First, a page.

Yep, I’m a smoothie– made up of different ingredients!
The default reply I tell others after revealing my race as 1/2 Chinese, 1/4 Japanese, and 1/4 German. It’s come to the point where I recognize what someone means when they say, “Where are you from?” I used to think that they were asking where I lived until, time after time, I realized they were asking about my ethnicity.
I love the way that I am. The only downside to being multiracial is that sometimes I feel like I don’t belong anywhere. My mother’s side of the family (Chinese) can all speak Mandarin Chinese, but my dad’s side of the family (German and Japanese) only speaks English. I wish I had learned how to speak Chinese growing up, although I realize that it was only my mom who know how to speak it, and even so she became very Americanized after being in the United States since she was a young girl.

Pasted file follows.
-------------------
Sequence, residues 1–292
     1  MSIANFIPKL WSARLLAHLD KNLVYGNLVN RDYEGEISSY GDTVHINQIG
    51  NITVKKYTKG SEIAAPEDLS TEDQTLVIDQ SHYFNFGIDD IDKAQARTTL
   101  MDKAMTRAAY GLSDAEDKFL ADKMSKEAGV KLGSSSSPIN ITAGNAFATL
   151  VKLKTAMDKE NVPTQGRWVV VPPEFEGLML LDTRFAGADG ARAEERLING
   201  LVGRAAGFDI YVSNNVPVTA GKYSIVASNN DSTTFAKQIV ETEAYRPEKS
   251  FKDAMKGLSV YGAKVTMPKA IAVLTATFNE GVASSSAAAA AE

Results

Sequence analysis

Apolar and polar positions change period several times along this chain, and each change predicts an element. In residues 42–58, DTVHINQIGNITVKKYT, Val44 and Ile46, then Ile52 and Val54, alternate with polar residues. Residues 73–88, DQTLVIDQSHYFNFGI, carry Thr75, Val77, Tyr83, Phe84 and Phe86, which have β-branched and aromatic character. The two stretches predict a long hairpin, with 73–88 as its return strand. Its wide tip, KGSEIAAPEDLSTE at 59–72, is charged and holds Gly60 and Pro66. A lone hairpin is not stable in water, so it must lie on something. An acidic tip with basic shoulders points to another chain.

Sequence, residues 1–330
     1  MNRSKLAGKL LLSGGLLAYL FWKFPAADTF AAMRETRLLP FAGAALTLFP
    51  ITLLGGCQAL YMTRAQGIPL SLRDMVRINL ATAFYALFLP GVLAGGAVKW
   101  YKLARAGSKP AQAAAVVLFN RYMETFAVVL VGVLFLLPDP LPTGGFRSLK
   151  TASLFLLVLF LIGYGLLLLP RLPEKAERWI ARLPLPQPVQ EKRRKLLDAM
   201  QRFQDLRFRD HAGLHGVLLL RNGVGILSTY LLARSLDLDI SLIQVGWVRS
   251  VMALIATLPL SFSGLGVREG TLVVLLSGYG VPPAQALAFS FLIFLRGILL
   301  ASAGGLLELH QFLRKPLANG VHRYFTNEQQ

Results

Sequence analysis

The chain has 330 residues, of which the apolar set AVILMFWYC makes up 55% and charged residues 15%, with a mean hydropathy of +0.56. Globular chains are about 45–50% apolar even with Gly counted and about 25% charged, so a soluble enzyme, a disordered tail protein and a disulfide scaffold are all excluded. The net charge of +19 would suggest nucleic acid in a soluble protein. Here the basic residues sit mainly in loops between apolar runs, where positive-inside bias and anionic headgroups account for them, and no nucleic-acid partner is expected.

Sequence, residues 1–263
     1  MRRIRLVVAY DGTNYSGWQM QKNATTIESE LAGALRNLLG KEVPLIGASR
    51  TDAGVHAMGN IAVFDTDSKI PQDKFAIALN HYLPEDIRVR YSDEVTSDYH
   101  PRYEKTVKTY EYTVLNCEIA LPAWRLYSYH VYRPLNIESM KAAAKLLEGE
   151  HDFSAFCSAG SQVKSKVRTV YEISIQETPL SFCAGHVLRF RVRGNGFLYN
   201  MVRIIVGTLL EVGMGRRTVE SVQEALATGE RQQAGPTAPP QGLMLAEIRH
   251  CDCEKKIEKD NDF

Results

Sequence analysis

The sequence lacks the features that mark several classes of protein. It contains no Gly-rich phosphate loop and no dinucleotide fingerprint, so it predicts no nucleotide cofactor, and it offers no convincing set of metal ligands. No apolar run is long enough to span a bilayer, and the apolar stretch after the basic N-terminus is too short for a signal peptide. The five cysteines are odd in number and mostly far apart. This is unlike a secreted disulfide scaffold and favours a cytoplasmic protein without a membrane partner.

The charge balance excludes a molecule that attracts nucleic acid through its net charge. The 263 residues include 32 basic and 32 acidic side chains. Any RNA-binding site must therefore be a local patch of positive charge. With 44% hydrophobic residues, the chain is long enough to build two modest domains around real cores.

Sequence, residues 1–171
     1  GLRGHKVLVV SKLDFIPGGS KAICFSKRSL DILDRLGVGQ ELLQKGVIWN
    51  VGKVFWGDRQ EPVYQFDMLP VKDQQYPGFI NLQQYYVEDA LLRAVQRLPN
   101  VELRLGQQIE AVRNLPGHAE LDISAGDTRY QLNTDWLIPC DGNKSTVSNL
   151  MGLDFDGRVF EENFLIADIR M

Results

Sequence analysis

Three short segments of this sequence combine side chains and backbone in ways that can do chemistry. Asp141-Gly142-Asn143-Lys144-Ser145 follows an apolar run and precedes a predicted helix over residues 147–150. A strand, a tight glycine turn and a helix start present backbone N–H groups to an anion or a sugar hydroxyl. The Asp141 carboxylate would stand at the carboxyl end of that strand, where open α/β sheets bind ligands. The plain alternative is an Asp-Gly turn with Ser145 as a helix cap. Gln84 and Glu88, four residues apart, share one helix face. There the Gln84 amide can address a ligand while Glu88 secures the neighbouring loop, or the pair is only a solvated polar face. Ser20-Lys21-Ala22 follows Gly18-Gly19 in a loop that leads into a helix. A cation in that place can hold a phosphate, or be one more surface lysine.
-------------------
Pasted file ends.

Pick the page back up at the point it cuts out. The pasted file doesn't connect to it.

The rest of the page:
It’s kind of funny because the main language I want to learn fluently is Spanish. However, I find being part of three cultures is pretty neat. It’s who I am! After discovering this site, I realize even more so that there are many others like me. The comment above about my ethnicity is more complementary than what I used to say. I’m glad I thought of something more appealing than, “Yeah, I’m a mutt.”
Also Chinese/Japanese/German!!! So exciting to see someone else with the same mix! Japanese and Chinese proportions switched though ^_^
Also Chinese, Japanese, German!!! 1/2 Japanese, 1/4 Chinese, 1/4 German though, never met anyone with the same mix!!!
Oh I actually haven’t found someone similar to me in a long time! I’m 1/2 Japanese, 1/4 Chinese and 1/4 French, and so far all the people I’ve met don’t think I’m not Chinese (since I’m living in a Chinese-majority country, and I look pretty … Asianish)
Don’t call yourself a mutt! Diversity is the best. Also it’s really rare to find someone with 3 races similar to mine. The Hapas I know of are like Chinese-Indian or Chinese-British.
lol@mutt, ive used that term a few times